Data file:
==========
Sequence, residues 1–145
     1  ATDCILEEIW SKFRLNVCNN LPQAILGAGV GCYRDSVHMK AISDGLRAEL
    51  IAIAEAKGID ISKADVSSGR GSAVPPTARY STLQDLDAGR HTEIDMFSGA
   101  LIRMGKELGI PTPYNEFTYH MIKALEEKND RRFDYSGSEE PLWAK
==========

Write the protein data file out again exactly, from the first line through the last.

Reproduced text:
Sequence, residues 1–145
     1  ATDCILEEIW SKFRLNVCNN LPQAILGAGV GCYRDSVHMK AISDGLRAEL
    51  IAIAEAKGID ISKADVSSGR GSAVPPTARY STLQDLDAGR HTEIDMFSGA
   101  LIRMGKELGI PTPYNEFTYH MIKALEEKND RRFDYSGSEE PLWAK